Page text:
One of the big issues with employment review websites, such as Glassdoor, is that feedback is usually submitted only by those who had a really great, or really bad, experience at a company.

TransparenC team

And feedback is so general, it doesn’t offer an accurate snapshot for people with diverse backgrounds: A business school student fresh out of undergrad sees the same salary range as someone with an MBA, for example. Smaller companies and startups without many employees, aren’t as well represented as major corporations.

University of Chicago Booth startup TransparenC is hoping to change that with curated career sites. They’re starting with a website tailored to MBA students, called TransparentMBA, but they anticipate expanding their platform to law, engineering, and tech among other niche job seekers not served by general career sites like Glassdoor and Linkedin.

The idea first came to Mitch Kirby, a UChicago Booth student, last fall when attempting to look for jobs post-graduation. Glassdoor felt like “information overload” he said, and most of the aggregate information didn’t give him an idea of how his qualification–an MBA from a top-ranked business school–would translate to a position or compensation. So he decided to create a platform that gave more granular information on companies and careers for MBA students (he coded it himself), and see if his classmates were interested. They were: about 50 percent of Booth students quickly signed up, he said.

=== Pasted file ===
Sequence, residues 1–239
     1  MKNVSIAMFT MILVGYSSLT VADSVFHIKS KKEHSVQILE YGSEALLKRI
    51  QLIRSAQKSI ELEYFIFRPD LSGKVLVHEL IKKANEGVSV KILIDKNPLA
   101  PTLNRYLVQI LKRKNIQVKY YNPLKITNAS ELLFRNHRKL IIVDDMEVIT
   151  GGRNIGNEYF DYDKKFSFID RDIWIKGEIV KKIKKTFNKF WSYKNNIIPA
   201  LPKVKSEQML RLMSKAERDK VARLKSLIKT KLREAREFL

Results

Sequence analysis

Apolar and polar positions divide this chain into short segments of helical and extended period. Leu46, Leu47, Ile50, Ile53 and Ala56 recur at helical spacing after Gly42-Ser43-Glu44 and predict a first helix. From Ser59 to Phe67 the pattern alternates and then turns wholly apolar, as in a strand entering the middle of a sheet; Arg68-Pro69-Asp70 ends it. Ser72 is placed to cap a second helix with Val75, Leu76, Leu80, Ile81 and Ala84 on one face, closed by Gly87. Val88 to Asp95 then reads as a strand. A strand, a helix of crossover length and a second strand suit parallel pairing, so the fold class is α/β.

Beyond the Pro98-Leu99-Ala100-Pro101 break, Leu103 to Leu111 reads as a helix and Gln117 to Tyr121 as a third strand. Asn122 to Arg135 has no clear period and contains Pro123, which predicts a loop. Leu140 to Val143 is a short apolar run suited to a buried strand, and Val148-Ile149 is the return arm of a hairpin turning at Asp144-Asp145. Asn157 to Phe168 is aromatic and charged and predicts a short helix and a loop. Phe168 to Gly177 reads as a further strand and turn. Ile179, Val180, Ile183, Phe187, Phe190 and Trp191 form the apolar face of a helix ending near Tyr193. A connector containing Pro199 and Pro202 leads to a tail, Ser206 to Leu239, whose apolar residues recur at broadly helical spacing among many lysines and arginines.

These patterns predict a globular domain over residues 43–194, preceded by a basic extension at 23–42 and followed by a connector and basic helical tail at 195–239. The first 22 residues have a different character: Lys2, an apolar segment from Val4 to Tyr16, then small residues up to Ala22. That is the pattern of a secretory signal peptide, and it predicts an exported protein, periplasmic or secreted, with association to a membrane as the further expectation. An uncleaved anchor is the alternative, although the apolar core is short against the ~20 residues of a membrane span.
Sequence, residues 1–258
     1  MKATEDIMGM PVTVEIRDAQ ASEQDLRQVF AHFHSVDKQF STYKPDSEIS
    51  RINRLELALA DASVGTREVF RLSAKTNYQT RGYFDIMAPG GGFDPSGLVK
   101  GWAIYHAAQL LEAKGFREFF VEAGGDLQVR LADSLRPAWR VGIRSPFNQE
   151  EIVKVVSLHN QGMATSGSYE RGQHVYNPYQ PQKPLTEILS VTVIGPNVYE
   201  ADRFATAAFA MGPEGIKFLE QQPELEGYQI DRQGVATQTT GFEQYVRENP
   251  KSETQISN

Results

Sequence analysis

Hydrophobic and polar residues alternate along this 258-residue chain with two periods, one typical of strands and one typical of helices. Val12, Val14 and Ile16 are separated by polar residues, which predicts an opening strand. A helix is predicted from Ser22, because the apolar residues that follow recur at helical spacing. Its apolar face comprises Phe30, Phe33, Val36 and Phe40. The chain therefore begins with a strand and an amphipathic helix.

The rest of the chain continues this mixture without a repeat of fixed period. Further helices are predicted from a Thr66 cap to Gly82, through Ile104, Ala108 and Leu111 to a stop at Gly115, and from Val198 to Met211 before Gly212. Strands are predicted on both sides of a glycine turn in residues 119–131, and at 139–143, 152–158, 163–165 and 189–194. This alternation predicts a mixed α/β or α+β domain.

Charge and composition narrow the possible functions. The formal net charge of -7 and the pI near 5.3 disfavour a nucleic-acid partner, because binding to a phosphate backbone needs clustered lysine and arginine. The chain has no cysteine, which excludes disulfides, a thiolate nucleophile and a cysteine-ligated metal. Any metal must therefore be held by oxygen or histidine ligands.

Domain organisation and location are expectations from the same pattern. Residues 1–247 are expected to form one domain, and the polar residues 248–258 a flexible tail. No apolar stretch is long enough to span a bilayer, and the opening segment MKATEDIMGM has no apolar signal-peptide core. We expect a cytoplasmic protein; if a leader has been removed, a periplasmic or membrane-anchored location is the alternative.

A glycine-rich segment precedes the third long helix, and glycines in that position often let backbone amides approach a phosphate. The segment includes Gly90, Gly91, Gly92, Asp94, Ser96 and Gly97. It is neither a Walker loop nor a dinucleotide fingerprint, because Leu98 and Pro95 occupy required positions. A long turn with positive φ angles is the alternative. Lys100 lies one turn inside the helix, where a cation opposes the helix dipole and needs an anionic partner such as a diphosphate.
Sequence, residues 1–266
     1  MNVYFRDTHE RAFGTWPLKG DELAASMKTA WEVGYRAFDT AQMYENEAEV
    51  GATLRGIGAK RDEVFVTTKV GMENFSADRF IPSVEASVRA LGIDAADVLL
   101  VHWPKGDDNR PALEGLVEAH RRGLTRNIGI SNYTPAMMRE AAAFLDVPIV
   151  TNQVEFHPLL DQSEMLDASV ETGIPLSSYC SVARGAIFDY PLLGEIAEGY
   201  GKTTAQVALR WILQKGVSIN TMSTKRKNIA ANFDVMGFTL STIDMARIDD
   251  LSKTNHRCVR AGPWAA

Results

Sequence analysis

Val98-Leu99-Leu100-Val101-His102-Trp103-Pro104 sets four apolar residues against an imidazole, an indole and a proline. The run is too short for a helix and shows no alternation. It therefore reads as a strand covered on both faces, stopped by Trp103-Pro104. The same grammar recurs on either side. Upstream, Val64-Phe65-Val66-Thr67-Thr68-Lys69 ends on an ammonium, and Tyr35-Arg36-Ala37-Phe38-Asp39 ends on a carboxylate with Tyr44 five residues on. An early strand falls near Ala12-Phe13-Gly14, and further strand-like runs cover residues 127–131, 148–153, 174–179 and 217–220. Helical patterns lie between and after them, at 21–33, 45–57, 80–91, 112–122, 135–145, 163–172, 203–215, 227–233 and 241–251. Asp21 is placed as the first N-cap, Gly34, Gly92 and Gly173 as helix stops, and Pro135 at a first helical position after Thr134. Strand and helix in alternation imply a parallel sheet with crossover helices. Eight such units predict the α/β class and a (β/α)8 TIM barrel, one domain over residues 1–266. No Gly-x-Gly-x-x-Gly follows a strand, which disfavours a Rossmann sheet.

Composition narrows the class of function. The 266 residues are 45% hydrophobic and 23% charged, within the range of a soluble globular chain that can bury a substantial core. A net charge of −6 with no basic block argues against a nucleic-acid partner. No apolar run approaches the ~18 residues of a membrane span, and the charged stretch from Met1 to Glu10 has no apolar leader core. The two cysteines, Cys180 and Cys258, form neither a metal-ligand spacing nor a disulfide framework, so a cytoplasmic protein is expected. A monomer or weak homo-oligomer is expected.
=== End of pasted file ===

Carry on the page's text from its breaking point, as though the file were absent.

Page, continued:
Profiles for companies, jobs, and industries are built through feedback that users provide, which they’re required to submit when signing up for the platform. Users can see feedback such as expected compensation, satisfaction rates, and culture fit for an MBA at a given company and position. They can also compare the experiences at the industry level.

Kirby said about 15 percent of the top MBA students are using the site right now, in addition to prospective students and alumni, and they have about 1,700 companies listed on the site. By including a broad range of experience levels, he hopes to help people not just land one job, but understand where that job could lead.

“[It’s] not just data points for an individual jobs, but if I got to this job where do people go after this job–understanding entire careers,” he said.

In addition, the TransparenC team noticed that a larger number of MBA students are interested in working at startups. But startups’ varying compensation packages (often a combination of equity and salary) make it tough to create an aggregate of what an MBA should expect when negotiating. So in coming weeks they’re launching a startup dashboard that can walk a student through the negotiation process with a startup based on its traction to ensure fair compensation.

TransparentMBA is free for users (aside from having to input data), and so the four-person startup is looking to make revenue through partnerships with companies looking to recruit and university career services that want to work with more data and tech. They already have several pilots in the works. Next up they’re competing in UChicago’s New Venture Challenge.